An independent review has highlighted a catalogue of failings in the education of children who struggle in mainstream schools in Bristol.
The damning review of alternative learning provision found these types of settings are being used inappropriately as a holding ground for children with special needs to make up for a shortage of more than 200 special school places in the city.
Alternative learning provision is education outside of school for children who are permanently excluded, at risk of exclusion, or cannot attend mainstream or special schools because of health, emotional or behavioural reasons.
Crucially, alternative learning providers are not staffed and often not trained to offer the specialist support required by children with special education needs and disabilities (SEND), the review said.
The report talks of “poor” placement decisions at alternative learning schools, with “extremely” high numbers of children with SEND attending, many with additional needs, particularly social, emotional and mental health.
The report, commissioned by Bristol City Council and dated October-November 2020, makes 31 recommendations which have all been accepted by the local authority.
The review has finally been released along with a fledgling plan to address the concerns raised after the council said in April that it would provoke too much “anxiety” to publish the findings without the action plan which would not be ready until after May’s local elections.
The review and the action plan are part of a programme of work to tackle failures in Bristol’s SEND services highlighted in a damning report from Ofsted and the Care Quality Commission in December 2019.
This latest sign that Bristol’s services need to improve comes after the council announced 66 new special school places. However, it has also emerged that spiralling costs, mostly in the special needs sector, is contributing to a widening black hole in the local schools budget. The council said this week it is developing a plan to stop this reaching £70 million by 2024.
What the review said
“It is normal to have a certain amount of SEND pupils within the ALP [alternative learning provision] but not to see the numbers at this high percentage,” the report says, citing a figure of 70%.
“ALP is used to cover a deficiency in the number of appropriate SEND placements. Some ALP providers are at risk of turning into special schools but are not registered as such.”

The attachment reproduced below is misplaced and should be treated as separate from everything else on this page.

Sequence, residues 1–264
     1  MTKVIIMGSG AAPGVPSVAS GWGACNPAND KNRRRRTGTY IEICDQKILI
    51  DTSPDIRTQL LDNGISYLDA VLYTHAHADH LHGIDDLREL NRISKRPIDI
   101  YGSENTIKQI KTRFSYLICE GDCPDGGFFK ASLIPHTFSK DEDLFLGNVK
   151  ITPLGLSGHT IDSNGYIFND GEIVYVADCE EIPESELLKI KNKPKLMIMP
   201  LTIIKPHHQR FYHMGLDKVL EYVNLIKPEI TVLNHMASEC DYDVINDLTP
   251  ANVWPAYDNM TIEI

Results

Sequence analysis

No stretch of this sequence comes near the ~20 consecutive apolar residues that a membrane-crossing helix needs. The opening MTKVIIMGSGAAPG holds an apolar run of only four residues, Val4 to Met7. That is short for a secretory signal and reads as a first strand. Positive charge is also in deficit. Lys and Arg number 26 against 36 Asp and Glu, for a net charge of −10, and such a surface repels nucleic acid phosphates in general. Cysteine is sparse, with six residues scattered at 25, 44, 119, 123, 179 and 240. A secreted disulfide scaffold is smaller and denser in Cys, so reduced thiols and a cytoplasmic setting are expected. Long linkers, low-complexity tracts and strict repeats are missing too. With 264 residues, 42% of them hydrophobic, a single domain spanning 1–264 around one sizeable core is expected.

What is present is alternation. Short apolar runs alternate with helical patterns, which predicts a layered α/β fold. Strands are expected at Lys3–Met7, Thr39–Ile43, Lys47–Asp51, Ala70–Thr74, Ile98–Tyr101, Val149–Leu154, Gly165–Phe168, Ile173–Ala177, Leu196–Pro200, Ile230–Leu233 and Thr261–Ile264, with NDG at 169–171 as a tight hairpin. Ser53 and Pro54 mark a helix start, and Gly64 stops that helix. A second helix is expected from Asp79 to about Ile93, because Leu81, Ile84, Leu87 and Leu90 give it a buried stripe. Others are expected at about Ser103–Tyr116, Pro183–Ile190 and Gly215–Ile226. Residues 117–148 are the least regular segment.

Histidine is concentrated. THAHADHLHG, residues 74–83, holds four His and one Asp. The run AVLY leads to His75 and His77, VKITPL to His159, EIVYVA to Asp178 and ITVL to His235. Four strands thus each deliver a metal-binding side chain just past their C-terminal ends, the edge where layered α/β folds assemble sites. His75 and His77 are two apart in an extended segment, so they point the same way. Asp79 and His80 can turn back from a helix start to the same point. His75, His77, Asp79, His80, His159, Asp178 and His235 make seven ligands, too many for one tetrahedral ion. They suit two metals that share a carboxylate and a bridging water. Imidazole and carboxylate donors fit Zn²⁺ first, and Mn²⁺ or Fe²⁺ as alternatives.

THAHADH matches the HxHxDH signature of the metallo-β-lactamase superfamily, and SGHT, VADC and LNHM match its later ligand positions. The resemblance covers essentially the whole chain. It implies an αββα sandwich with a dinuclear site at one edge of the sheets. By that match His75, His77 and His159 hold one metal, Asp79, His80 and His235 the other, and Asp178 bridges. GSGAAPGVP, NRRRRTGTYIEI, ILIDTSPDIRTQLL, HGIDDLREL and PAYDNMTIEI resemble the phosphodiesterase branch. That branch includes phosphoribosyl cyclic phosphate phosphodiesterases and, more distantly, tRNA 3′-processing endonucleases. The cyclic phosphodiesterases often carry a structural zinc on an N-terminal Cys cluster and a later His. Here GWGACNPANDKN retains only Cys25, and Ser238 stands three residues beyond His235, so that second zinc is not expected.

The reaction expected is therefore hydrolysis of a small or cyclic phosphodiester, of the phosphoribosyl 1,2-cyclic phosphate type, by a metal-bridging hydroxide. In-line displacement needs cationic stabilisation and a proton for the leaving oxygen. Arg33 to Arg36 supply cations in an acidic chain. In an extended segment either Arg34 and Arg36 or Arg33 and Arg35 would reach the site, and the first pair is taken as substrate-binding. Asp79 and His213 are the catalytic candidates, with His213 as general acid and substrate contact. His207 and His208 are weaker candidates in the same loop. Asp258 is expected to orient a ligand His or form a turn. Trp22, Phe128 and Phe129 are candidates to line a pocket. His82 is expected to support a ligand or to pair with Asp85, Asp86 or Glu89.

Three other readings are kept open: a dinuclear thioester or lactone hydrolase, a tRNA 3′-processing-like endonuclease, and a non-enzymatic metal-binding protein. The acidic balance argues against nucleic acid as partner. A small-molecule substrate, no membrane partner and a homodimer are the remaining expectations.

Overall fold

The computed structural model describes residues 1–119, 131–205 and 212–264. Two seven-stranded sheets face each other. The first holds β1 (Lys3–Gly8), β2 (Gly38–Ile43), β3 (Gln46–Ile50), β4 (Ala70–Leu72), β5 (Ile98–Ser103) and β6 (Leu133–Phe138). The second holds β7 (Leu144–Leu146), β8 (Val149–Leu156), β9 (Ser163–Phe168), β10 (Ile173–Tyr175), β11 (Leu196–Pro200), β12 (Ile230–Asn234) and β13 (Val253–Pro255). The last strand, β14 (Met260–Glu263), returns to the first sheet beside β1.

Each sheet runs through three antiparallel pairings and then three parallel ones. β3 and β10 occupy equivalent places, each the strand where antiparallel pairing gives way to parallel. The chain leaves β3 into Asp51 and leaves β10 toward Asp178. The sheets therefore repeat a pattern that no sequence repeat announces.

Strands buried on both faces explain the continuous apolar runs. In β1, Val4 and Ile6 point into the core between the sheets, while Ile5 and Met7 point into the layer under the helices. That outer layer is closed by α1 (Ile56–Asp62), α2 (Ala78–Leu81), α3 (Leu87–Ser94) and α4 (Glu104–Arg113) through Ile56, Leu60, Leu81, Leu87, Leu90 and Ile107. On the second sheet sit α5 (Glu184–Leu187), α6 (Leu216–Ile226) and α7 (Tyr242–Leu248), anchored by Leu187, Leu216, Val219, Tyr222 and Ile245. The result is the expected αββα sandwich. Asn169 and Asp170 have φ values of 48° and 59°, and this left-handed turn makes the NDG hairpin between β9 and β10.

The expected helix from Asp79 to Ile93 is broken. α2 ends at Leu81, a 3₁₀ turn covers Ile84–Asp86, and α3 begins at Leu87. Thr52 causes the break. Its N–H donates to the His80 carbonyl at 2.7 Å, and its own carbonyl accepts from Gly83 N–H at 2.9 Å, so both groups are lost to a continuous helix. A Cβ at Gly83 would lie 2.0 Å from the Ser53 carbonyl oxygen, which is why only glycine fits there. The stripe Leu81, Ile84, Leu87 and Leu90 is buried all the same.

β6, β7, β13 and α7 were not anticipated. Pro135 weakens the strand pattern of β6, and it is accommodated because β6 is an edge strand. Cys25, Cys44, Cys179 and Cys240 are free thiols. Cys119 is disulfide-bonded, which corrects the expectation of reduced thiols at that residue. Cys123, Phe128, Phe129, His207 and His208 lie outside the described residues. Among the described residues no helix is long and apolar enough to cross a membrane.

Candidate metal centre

The review notes that mainstream schools say funding and accountability pressures are making it more difficult for them to provide adequate SEND support.
An estimated 70% of children in alternative learning facilities in Bristol are legally entitled to specialist support for SEND under an education, health and care plan or they are in the process of being assessed for such a plan, according to the report.
Providers say they see high numbers of children with speech and language problems, along with dyslexia and dyspraxia and potentially other undiagnosed issues.
One young person at one alternative learning facility was moved around seven schools for “extreme” behaviour incidents possibly related to “past trauma”.
“It is likely that undiagnosed and unaddressed learning and mental health needs have led to numerous school moves and a compounding of issues,” the report said.
The report also found problems across the alternative learning system, including issues with “insufficient direction or accountability”, “unreliable and incorrect” data, incomplete and inconsistent budgeting, and a “lack of capacity to support and challenge schools around the area of inclusion/exclusions”.
What should the council do about it?
The report makes 31 recommendations covering nine areas of concern, including stressing the need for “clear system-wide strategic leadership”.
One relates to the creation of a pathway for pupils with social, emotional and mental health (SEMH) needs, which was recommended by a review in 2016, but “appears to have been only partially created”.
“Bristol needs to keep its eyes firmly fixed on the best interests of the children concerned when planning provision and shaping policies to tackle these issues,” the report says.
“The children this concerns are somebody’s children and there needs to be a real commitment not to marginalise children with SEMH further.
“The reviewer found a great deal of good practise across the city and a real capacity for improvement and change.”
The council’s director of education, Alison Hurley, said she welcomed the “clarity” provided by the report at a meeting of school leaders on 8 June.
She told the Bristol Schools Forum of headteachers and governors that the draft action plan to address the concerns raised was “very much a work in progress”, and would be developed more fully over the coming year as feedback is gathered from young people and parents.
Asked how long it would take before children with SEND are assessed for specialist support in mainstream schools and sent to special schools rather than alternative learning centres, Hurley said there was “no definitive date” yet.
It will take two years to build all the new special school places required to address the shortage of them in Bristol, she added.
“I would certainly be looking over the next year to two years to start looking at really seeing the impact of that on those placements in alternative learning,” she said.
The council is working its way through a £28.7 million plan to create more special school places, including major redevelopments at two schools and extra special school places at a number of mainstream schools across the city.